Skip to content
"Money Walks," a serial novel by 16 Los Angeles writers who will be appearing at this year's Los Angeles Times Festival of Books, runs Monday through Saturday until April 24. The festival takes place on April 25 and 26 at UCLA.
"Find me, baby? You don't have to find me." Angie stepped from the dimmest corner of the room. She let her hands drop to Rudy's head, caressed his temples and the clenched line of his jaw. "I would never leave you, not like this."
From behind his chair, she wrapped her arms around his chest. Rudy did his best not to wince.
"I need you to listen to me, baby." Her right hand wandered to his hip. "I don't think I can do this anymore. Remember how I told you I did theater in high school and everyone told me I should be an actress and I got head shots and the whole thing, but the only auditions I ever got called for were for the chola or the maid or the chola-maid-vampire-hooker, so I said forget this and went back to school?
"I know you said literature would be different, but look at you, baby, look at us, look at how this thing turned out. I know your foot's gonna heal as soon as the people out there turn the page, but what about our pride? I have a PhD, Rudy. And you, until this thing started, you were hunched over Althusser's letters, in French. You read Mallarmé in the bathroom. But as soon as those readers show up, you throw a Raiders blanket over the bookshelves, pull on a wife-beater and pop in that Jackie Chan video."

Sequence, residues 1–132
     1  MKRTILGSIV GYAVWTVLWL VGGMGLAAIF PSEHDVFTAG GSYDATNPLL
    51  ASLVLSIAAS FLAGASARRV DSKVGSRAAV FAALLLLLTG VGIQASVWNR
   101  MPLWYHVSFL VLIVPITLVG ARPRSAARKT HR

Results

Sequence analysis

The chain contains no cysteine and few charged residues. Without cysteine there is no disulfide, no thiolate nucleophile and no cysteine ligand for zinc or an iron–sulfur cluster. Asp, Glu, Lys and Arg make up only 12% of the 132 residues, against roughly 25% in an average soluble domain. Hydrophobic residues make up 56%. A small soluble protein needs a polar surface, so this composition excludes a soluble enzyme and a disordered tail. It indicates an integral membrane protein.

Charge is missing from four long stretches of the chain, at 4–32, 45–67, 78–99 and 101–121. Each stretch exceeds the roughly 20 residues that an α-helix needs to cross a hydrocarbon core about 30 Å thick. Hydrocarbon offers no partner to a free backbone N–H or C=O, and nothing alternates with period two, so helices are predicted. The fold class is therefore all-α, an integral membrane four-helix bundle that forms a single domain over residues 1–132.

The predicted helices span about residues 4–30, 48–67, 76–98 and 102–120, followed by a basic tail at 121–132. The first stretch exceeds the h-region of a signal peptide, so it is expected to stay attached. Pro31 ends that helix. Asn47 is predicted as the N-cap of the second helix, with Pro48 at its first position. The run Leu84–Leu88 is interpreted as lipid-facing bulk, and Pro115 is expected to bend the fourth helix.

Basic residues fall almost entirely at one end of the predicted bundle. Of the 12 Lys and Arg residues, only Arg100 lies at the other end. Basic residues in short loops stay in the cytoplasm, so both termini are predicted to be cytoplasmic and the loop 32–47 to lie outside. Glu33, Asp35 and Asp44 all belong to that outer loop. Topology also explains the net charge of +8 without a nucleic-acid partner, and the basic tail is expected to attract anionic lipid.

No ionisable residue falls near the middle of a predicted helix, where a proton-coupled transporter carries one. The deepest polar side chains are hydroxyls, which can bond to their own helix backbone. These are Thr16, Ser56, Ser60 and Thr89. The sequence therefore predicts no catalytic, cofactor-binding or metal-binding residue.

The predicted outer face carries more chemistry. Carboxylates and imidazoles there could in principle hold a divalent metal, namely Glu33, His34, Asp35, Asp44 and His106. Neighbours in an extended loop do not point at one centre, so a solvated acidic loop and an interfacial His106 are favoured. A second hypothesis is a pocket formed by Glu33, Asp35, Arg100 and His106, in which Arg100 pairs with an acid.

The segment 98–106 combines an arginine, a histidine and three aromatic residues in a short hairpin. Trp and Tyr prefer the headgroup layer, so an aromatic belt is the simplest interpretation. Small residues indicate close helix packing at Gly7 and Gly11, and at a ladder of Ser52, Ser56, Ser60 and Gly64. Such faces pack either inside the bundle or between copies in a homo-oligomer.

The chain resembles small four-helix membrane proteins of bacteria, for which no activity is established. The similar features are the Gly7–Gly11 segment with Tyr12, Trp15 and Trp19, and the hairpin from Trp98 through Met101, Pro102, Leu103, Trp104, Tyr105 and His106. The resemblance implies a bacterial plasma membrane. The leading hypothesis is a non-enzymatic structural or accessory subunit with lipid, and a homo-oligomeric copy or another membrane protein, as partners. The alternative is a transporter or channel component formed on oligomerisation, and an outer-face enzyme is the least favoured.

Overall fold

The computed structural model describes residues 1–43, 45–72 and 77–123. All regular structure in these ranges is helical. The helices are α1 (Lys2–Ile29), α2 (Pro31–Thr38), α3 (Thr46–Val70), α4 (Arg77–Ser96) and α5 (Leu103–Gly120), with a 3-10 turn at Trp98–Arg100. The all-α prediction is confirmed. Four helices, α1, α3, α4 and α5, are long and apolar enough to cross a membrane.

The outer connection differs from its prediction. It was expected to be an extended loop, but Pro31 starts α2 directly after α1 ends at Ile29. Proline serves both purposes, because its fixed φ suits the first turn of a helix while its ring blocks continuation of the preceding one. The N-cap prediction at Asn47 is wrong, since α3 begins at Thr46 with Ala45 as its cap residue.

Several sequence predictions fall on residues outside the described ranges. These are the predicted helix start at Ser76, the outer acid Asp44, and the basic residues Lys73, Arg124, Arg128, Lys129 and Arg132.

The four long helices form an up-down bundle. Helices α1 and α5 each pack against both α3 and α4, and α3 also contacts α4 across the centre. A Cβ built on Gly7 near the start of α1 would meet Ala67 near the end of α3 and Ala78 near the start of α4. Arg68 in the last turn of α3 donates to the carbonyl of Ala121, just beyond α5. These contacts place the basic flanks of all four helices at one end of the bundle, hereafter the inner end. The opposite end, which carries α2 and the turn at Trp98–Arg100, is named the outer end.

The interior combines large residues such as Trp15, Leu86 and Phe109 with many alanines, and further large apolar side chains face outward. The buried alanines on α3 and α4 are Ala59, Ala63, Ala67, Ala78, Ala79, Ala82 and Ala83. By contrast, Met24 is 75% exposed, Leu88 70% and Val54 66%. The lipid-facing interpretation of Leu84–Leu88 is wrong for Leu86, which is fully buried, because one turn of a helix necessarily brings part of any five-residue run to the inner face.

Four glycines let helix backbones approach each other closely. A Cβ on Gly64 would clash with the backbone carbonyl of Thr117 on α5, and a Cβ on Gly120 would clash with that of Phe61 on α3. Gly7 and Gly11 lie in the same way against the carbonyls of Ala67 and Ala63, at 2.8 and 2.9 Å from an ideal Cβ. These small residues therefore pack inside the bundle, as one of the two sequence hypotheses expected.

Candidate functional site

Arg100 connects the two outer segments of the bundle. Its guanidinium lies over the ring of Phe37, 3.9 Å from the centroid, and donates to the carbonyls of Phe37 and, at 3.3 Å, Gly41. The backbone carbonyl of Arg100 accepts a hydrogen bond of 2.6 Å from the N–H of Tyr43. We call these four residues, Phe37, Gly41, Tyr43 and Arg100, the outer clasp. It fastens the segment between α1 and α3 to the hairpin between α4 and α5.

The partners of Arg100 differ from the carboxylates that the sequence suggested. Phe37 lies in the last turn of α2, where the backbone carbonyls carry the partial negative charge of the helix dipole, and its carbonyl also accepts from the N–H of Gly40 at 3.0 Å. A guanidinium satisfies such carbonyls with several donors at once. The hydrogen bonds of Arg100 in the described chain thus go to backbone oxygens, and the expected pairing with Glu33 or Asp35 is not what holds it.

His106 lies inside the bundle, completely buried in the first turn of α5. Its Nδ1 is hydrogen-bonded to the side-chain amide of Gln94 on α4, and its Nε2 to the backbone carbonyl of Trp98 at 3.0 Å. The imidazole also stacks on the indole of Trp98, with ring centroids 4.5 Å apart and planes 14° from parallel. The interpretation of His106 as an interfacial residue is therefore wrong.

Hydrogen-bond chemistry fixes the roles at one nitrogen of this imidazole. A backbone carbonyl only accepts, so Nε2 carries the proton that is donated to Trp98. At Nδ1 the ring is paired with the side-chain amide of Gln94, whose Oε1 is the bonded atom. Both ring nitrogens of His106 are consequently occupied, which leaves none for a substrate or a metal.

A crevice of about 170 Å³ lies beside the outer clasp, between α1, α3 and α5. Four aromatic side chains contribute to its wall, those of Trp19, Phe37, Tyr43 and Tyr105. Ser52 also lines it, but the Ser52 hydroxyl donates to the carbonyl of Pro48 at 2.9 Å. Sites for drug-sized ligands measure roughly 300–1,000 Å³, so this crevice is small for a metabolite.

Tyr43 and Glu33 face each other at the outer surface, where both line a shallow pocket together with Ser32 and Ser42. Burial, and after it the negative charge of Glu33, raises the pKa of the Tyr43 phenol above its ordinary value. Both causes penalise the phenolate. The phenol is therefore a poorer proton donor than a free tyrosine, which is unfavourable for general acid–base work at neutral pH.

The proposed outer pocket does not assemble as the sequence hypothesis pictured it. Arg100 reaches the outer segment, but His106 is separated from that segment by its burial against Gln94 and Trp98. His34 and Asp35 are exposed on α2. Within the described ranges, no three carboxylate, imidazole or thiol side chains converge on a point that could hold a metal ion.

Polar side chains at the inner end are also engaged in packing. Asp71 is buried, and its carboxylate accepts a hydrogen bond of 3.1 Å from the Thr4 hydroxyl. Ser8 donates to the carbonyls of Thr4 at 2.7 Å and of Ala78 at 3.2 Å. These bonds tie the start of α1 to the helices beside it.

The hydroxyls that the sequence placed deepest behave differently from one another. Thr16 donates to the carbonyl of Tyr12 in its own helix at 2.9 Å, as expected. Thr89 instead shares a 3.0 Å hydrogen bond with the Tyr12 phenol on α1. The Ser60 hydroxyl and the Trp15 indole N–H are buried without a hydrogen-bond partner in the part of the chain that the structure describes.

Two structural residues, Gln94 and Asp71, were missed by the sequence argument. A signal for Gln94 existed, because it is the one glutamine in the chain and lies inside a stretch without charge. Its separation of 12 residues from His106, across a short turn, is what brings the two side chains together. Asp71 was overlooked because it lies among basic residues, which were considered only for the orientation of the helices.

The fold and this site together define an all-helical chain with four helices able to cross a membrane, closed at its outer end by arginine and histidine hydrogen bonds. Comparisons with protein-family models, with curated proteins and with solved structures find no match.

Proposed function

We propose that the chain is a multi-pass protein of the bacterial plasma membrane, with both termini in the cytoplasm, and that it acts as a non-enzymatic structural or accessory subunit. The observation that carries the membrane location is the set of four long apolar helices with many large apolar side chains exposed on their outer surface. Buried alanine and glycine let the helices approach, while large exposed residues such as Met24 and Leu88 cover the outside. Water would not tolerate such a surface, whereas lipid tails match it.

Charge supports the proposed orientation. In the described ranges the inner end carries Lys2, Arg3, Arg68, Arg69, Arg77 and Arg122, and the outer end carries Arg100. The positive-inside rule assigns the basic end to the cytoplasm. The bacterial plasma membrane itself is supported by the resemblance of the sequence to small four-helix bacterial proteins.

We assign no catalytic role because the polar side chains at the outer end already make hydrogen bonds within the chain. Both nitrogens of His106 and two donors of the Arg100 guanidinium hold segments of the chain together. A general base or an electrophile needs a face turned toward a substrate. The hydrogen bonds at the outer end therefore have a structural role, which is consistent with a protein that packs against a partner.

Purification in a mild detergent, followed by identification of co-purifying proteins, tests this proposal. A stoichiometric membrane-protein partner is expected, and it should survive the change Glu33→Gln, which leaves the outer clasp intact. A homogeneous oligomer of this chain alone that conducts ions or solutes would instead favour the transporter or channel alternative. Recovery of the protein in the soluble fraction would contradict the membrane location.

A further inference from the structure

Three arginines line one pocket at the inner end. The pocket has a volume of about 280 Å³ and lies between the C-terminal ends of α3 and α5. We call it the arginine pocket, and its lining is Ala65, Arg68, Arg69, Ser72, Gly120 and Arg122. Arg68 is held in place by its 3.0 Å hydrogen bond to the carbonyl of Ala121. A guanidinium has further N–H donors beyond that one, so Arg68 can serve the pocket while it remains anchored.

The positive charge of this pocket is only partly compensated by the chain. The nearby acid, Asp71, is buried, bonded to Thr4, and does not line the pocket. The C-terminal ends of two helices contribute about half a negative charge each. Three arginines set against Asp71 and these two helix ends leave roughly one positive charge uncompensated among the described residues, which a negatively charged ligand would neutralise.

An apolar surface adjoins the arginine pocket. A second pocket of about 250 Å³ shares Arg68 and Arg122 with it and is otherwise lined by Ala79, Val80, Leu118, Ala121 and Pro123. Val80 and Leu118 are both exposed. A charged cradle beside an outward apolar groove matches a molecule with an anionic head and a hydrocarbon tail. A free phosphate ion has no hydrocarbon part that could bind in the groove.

Through gritted teeth, Rudy spoke. "I'm not wearing a wife-beater," he said.
"That's what I'm saying -- you're letting one wear you." Angie lifted his leg from the ottoman, unwrapped the towel from his foot. "We have an opportunity here, a real opportunity. There's no money anywhere. Haven't you thought about what that means?"
She untied the sash from his ankle. Blood gushed from his foot. Rudy bucked in his chair, bug-eyed with pain.
"OK, listen," Angie went on, dousing his foot with peroxide. "What did Marx say about money?"
Rudy squeezed his eyes shut. "Basically," he managed to grunt, "it's the universal medium of exchange that among other things conceals the true nature of social relations. It's 'the alienated ability of mankind . . . the fraternisation of impossibilities . . . the general confounding and confusing of all things -- the world upside-down.' "
"That-a-boy." Angie knelt to plant a kiss just beneath his navel. "So if there's no money, what does that mean? The world right side up?"
With a pair of cuticle scissors, she pried the bullet from between his first and second metatarsals. Blood spurted again as Rudy howled. Recovering, he shook his head. "It's not that simple," he said.
"I know, but it's a start. I mean we wouldn't even be involved in this novel thing if there wasn't some cash in it for us somewhere. But if there's no money, we don't have to play along. We don't have to rob anyone and you never have to wash another car. What does that mean, baby?"
"Stay with me, baby. Think big." She wiped away the blood and sterilized a sewing needle over a Zippo flame. "Money is exploitation in crystallized form. And now it's gone: wages, prices, taxes, fines. Who's gonna steal your soul and sell it back to you now? What's capitalism without cash? And what's this whole crooked edifice that we call democracy without capitalism? Forget democracy, what's literature?"
A smile spread slowly across Rudy's face. "Are you thinking what I think you're thinking?"
Angie winked and kissed his big toe. "That's exactly what I'm thinking."
Ehrenreich is the author of the novel "The Suitors." He will be on the "Fiction: L.A. Writes the World" panel at 2 on April 26 in Humanities A51 at UCLA at the Los Angeles Times Festival of Books.